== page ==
Press release

Government welcomes elections agreement

Motion passed unanimously yesterday in the National Assembly for Wales.

This was published under the 2010 to 2015 Conservative and Liberal Democrat coalition government


The government welcomes the motion passed unanimously yesterday in the National Assembly for Wales signifying that it wished the UK Government to bring forward provision to defer the Welsh Assembly 2015 general election to 5 May 2016 in order to avoid elections coinciding in May 2015.

A similar motion was passed by the Scottish Parliament on 3 March.

This follows discussions between the UK Government and parties in Scotland and Wales about the potential coincidence of elections in May 2015.

In line with the agreement reached with the Scottish Parliament and National Assembly for Wales, the Government has tabled amendments to the Fixed-term Parliaments Bill. If accepted, the amendments will move the date of the elections to the Scottish Parliament and the National Assembly for Wales scheduled for 2015 on a one off basis in line with the motions passed in Edinburgh and Cardiff. This will allow voters in Scotland and Wales to know how long they are electing MSPs and AMs for in elections on 5 May this year.

Deputy Prime Minister, Nick Clegg, said:

We have listened to what has been said in the Scottish Parliament and National Assembly for Wales and have been responsive to the concerns that have been expressed.

It is right that the decision was left to the Scottish Parliament and the National Assembly as part of this Government’s commitment to mutual respect, devolution of power and political accountability.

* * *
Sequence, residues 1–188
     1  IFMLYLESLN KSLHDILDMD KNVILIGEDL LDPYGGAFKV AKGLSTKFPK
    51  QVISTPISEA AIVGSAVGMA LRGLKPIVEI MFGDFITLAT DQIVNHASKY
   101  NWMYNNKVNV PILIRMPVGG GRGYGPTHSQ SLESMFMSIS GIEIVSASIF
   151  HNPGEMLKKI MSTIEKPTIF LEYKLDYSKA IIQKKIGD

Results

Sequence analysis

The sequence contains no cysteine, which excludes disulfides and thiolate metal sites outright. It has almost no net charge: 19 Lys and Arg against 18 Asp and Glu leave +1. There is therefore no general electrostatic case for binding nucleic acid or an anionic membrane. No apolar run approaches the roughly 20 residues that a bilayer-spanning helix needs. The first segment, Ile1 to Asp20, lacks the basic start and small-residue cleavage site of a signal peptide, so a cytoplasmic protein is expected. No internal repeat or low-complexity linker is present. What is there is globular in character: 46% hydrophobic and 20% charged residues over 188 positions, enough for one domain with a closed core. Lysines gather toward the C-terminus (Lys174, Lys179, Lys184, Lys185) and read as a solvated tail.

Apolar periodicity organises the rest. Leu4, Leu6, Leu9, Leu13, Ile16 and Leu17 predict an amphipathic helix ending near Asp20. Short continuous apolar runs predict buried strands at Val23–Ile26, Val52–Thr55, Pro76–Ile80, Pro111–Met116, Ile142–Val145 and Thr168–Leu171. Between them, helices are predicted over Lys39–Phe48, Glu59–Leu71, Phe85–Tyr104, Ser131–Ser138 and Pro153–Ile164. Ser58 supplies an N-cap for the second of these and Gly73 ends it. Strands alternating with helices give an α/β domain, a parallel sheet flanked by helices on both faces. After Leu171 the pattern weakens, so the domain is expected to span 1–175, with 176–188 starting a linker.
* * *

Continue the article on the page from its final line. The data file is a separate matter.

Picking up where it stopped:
Mark Harper, Minister for Political and Constitutional Reform, said:

These motions follow an extensive dialogue between the UK Government and the devolved legislatures. In the end, it was their decision, and I am glad that they have debated and agreed on a suitable date for each of their elections. The UK Government has the legislative means by which to facilitate this move.

The Fixed-term Parliaments Bill, which sets UK Parliamentary General Elections every five years, is currently before the House of Lords.

The Government will also carry out a detailed assessment of what the implications would be of the two sets of elections coinciding at a later date. Then in the light of this we will consider whether to conduct a public consultation in Scotland and Wales on whether the Parliament and Assembly terms should permanently be extended to five years.

Following correspondence with parties in Northern Ireland on this issue, Northern Ireland Office Ministers have concluded that it would be better to await the outcome of the combined polls scheduled for May 2011 before taking a decision on whether special provision would be needed for Northern Ireland.

Published 3 May 2011